Editorial: Any post-Roe Ohio abortion law should be humane, specific and enforceable


A recent editorial by the Cleveland Plain Dealer:

No sooner will the count be in for Ohio’s Nov. 8 election than the General Assembly will return to Columbus. All but certain is that abortion will top the lame-duck session’s agenda in in the wake of the Supreme Court’s Dobbs v. Jackson Women’s Health Organization decision.

Net effect of that ruling: There is no constitutional right to abortion, and the states are, in practice, free to regulate abortion as they see fit. What remains to be decided is whether any legislation in Ohio will be clear, reasonable, specific and enforceable — as it needs to be to avoid undue hardship for the state’s women and girls, and to prevent dangerous and potentially life-threatening confusion and uncertainty among Ohio’s medical professionals.

Medical decisions about the life of the mother often must be made quickly in emergency situations; physicians can’t be losing critical time while weighing whether the procedures they are contemplating or performing are breaking the law.

Given the General Assembly’s anti-abortion Republican majorities, and Republican Gov. Mike DeWine’s careerlong opposition to abortion, there can be no doubt that, on the strength of the Dobbs ruling, the legislature will (further) act to limit abortion in Ohio. The question isn’t whether the General Assembly will act – it’s how.

Whatever the choices the General Assembly makes, it’s essential that Ohio legislators draw lessons from the mistakes other states have made in legislating on abortion.

One mistake is to write laws that are overly punitive. Legislating with a broad brush serves neither the foes of abortion nor those who consider it a right. Nothing would be more likely to create doubt of a law’s fairness, in the minds not only of voters but also in the minds of Ohio judges and juries, than Ohio abortion legislation that’s vague, or too broad, or too harsh.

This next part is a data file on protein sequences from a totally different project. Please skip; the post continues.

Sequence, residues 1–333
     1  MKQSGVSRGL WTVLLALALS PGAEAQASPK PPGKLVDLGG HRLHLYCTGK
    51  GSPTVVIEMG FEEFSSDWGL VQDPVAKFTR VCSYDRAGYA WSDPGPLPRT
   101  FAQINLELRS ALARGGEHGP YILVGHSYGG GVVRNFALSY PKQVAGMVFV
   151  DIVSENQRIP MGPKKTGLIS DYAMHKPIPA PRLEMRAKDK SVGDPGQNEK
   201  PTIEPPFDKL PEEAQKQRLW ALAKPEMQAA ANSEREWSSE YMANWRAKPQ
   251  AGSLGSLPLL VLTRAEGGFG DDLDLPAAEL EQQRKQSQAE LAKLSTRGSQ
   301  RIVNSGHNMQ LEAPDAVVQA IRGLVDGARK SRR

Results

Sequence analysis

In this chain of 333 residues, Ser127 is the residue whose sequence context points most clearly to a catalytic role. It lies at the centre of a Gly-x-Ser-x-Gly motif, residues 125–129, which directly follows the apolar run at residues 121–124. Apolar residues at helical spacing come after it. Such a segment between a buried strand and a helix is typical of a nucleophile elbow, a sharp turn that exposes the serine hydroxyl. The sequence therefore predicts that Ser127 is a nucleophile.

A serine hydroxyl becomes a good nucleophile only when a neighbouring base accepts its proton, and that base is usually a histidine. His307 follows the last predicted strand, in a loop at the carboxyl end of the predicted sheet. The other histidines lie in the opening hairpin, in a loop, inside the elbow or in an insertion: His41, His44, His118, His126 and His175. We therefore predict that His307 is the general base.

Any legislation the General Assembly adopts must be specific about what’s permissible and what’s not – clearly specific. Likewise, any legislation must clearly confer discretion on prosecuting attorneys as to what cases to pursue, what charges to make, and what criteria to use in considering whether and when to seek convictions.

Of critical importance: The law the General Assembly passes must provide for what’s called a “rebuttable presumption” that a physician, in performing an abortion, was seeking to protect the life of the mother. That means that in an abortion case, the assumption would be that a physician correctly exercised his or her judgment. If the state alleges a physician didn’t, prosecutors would have to rebut that presumption – that is, offer evidence to contradict it.

It is critically important, too, that any anti-abortion legislation be framed in reasonable terms, no easy feat considering the emotional and ethical perspectives associated with the issue. The fact is that whether one opposes abortion or not, anti-abortion laws should not overreach.

For example, an anti-abortion law that goes to extremes would not only be unjust but would also, in the end, likely prove unenforceable – the last thing that anti-abortion voters would want. One example: Attempting to forbid Ohioans to travel out of state to obtain abortions.

Another example: Attempting to forbid Ohioans to obtain, whether in Ohio or not, contraceptive drugs and devices, including emergency contraception products. The use of pharmaceutical contraceptive products likely has increased as the number of abortions obtained in Ohio by Ohioans has steeply declined – 19,438 Ohioans obtained abortions in Ohio in 2020 versus 26,322 Ohioans in 2010, a 26% decline over ten years, according to state data.

A key aim of the General Assembly should be clarity. As a practical matter, a physician is a patient’s navigator in and through health care. But no navigator can function without maps and charts. That’s what the legislature should strive for – a clear legal itinerary for physicians whose hands a sloppily drafted law might otherwise tie. A physician wouldn’t be human if she or he didn’t fear legal liability for taking good-faith medical decisions made murky by badly drafted laws.

Another one: humane exceptions, beyond the life and health of the mother, including for young children raped by strangers or family members. Why were there such efforts to discredit the story of a 10-year-old Ohio girl repeatedly raped, other than a recognition that inflexible abortion prohibitions that prolong the harm and suffering of children could backfire and undercut trust in the law.

These, then, should be the General Assembly’s watchwords in seeking to draft abortion legislation in the wake of the Dobbs decision – Clarity. Humanity. Enforceability. And fairness.

— Cleveland Plain Dealer, July 17